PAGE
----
An interesting fact emerges from the results of the 11 ODMs covered here. Total net income for the group exceeded combined operating income (Table 3). Some ODMs benefited from significant amounts of non-operating income. In the first nine months, operating profit margin for this ODM group amounted to 2.7%, which is below what is typically expected for an ODM business.
Note that Taiwan’s major motherboard suppliers were not included in this group of ODMs.
JDM Model for Defense/Aerospace Outsourcing
Interest in the outsourcing of design activities is growing among defense and aerospace prime contractors and their second- and third-tier suppliers. But defense and aerospace customers in general will confine their design outsourcing to activities that take place after electrical design, according to Sypris Electronics (Tampa, FL), an EMS provider specializing in defense, aerospace and homeland security.
When a customer hands off a completed electrical design to an EMS provider who then finishes the design work and takes the product design into production, that provider is acting as a joint design manufacturer, or JDM. The JDM model may be old hat on the EMS industry’s commercial side, where providers routinely turn customers’ electrical designs (schematics) into board layouts. But based on Sypris’ experience, this model is only now making a dent in the defense and aerospace sector, where the pace of outsourcing has been slower than in the commercial world.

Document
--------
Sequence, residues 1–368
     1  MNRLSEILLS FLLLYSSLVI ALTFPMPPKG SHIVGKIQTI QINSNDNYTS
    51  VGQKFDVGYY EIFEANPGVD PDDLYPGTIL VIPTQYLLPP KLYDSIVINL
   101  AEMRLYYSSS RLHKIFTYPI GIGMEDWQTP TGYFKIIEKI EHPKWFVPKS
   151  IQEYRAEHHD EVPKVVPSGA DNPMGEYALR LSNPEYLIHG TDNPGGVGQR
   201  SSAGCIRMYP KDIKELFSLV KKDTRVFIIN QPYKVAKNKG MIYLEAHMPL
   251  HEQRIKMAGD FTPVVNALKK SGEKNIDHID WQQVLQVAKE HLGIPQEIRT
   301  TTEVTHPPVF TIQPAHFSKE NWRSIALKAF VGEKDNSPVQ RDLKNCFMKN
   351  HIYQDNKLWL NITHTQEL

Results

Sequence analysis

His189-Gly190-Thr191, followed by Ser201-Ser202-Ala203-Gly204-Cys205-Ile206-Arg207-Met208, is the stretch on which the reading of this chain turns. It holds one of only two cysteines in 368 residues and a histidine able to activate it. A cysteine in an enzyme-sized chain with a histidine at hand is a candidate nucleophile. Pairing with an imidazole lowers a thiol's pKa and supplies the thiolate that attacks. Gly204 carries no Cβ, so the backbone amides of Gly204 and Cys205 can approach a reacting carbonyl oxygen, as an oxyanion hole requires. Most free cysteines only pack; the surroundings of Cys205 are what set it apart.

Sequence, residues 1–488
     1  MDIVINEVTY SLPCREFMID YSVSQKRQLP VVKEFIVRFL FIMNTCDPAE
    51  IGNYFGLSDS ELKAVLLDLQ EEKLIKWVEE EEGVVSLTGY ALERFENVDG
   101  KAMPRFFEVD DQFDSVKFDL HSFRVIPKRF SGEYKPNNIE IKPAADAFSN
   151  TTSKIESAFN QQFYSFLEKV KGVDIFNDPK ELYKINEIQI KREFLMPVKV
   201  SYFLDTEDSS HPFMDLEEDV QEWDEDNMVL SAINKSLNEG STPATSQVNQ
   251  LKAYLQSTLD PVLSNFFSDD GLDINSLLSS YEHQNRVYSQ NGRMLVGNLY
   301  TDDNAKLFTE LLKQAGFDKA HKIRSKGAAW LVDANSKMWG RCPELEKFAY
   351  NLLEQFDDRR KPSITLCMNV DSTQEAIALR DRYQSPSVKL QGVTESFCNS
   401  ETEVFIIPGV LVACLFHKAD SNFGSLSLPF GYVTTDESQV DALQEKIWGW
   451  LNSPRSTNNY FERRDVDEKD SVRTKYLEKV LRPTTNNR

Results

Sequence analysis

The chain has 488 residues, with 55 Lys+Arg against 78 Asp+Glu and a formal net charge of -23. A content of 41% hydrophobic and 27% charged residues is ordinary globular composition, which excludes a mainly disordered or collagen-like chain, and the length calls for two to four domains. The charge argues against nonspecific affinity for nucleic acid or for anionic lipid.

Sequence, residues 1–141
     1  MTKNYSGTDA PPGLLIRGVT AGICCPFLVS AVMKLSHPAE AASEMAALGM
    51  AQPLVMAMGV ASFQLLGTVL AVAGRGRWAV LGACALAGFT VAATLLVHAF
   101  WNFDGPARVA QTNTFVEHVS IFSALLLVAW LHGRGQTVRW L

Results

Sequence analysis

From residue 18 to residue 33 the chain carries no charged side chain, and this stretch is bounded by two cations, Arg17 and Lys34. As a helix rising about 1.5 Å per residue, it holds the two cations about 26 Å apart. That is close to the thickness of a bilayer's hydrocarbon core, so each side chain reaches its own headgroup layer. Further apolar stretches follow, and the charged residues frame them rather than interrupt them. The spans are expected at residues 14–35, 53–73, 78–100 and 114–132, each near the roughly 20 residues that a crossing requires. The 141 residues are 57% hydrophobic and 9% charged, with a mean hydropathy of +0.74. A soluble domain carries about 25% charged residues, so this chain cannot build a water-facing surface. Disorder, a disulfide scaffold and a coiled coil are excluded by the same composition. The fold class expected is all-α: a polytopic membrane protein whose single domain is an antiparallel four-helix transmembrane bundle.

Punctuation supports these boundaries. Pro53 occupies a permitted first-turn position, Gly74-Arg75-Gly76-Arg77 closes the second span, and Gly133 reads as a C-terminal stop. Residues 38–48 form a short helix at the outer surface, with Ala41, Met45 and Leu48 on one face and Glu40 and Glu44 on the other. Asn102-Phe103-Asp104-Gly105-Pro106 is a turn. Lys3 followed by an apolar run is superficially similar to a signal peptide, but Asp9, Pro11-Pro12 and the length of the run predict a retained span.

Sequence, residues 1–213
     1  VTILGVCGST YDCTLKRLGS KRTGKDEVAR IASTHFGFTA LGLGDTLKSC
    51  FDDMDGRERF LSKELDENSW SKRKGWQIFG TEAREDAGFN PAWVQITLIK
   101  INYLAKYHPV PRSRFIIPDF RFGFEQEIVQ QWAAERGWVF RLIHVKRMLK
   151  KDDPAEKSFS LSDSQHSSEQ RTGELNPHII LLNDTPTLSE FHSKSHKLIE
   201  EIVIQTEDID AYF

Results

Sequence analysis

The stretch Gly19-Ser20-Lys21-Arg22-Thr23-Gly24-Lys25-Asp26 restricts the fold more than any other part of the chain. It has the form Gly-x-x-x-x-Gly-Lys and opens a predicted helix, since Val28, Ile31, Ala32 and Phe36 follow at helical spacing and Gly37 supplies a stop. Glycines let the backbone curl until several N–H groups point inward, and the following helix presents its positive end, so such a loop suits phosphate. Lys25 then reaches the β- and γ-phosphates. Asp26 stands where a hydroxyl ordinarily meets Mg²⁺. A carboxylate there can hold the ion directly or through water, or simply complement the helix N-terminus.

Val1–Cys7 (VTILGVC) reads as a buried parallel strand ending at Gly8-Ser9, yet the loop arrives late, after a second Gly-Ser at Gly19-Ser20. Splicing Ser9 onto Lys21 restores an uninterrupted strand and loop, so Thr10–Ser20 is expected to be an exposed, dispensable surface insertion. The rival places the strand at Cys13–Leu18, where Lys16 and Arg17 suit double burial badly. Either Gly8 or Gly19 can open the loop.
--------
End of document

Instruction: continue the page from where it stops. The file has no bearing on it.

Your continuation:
With defense and aerospace customers placing more importance on design services, Sypris recently announced its JDM services offering. The announcement capped an effort that began about a year ago. For JDM work, Sypris has assembled a staff of more than 100 design engineers spanning systems engineering, hardware design and software development.